[dns-operations] REMINDER: Still soliciting presentation proposals for the ICANN DNS Symposium 2018
matt.larson at icann.org
Mon May 14 19:13:50 UTC 2018
As a follow up to my announcement here in late March, this message is a friendly reminder that the ICANN DNS Symposium (IDS) 2018 will be held Friday, 13 July 2018 in Montreal, Quebec, Canada. (IETF102 is scheduled for the following week in Montreal.)
We are still accepting presentation proposals through 1 June 2018. The submission process is easy: please send a one-paragraph description of your proposed topic to ids-proposals at icann.org<mailto:ids-proposals at icann.org> by 1 June 2018. Thank you to everyone who has submitted proposals so far. There is still room on the program and I'd like to encourage you to submit your ideas.
Further details about the IDS 2018 theme from the original announcement are below. For more information about the event, including schedule and venue information, please visit https://www.icann.org/ids.
Thank you and we hope to see you there.
VP of Research
ICANN Office of the CTO
The theme for the IDS 2018 is: “Attention, Domain Name System: Your 30 year scheduled maintenance is overdue”.
Remarkable as it may seem, the Domain Name System (DNS) is well into its thirties. The DNS began as an exercise to improve the scaling properties of mapping host names on the ARPANET to Internet addresses, and to also help decentralize email box names. In thirty years, we have evolved from the early experimentation and implementation of the formative domain name standards to a distributed name resolution system with millions of name servers that process billions of queries daily.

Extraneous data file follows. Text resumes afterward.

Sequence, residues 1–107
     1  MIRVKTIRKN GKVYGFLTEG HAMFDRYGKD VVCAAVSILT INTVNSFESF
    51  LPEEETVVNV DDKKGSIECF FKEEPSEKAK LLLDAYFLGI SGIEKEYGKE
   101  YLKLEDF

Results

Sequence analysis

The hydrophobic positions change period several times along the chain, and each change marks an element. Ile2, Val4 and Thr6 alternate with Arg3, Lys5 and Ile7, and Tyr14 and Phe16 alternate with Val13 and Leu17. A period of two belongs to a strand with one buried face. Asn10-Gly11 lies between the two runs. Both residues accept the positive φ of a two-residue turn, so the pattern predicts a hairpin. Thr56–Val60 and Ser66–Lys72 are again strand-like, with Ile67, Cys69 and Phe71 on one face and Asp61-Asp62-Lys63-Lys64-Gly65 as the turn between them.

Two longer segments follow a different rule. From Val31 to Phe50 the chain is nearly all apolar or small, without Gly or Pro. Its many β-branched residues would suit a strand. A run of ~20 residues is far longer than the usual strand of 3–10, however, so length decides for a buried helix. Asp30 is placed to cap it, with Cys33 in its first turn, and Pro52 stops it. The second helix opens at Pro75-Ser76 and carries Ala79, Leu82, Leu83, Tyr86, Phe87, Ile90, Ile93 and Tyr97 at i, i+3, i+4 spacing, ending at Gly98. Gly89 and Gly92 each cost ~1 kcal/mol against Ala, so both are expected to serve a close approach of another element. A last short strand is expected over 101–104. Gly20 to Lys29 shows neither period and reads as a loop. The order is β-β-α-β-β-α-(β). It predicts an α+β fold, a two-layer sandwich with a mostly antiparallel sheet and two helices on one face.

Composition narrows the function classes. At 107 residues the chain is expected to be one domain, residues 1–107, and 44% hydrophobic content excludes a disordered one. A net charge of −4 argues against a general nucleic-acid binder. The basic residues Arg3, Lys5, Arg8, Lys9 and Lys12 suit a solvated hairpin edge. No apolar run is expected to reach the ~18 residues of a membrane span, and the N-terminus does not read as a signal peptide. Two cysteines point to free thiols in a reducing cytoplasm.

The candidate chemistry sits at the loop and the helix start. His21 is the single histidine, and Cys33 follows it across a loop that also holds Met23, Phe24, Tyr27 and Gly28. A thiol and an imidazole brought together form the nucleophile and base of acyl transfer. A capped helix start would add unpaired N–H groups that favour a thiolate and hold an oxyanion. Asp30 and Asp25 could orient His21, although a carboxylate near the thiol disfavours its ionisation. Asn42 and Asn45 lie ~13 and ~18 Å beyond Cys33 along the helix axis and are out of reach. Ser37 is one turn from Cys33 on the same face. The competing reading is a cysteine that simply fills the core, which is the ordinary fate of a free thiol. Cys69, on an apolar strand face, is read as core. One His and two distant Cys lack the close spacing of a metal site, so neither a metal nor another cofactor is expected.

The DNS runs remarkably well and most users think of it as rock solid. But perhaps the system could be made healthier, or could be improved to support even further innovation. What if we put the DNS through a scheduled maintenance with the kind of full diagnostic assessment routinely recommended for high performance vehicles?
For IDS 2018, we invite members of research, academia, and operational communities to share experiences, data, or innovative thinking on how we might improve the DNS, or how we might foster innovation by adopting or adapting the DNS to support emerging identifier needs.
Topics of interest include, but are not limited to:
• Transport issues such as DNS over IPv6 and protocols for DNS beyond UDP
• Operational issues related to DNS’s maturity level, such as those stemming from scaling or protocol complexity
• Security issues relating to confidentiality, integrity, and authentication
• The role of DNS in DDoS incidents and mechanisms for mitigation
• Using DNS for new applications and new useful DNS data types
• Emerging identifier systems and their competition and coexistence with DNS
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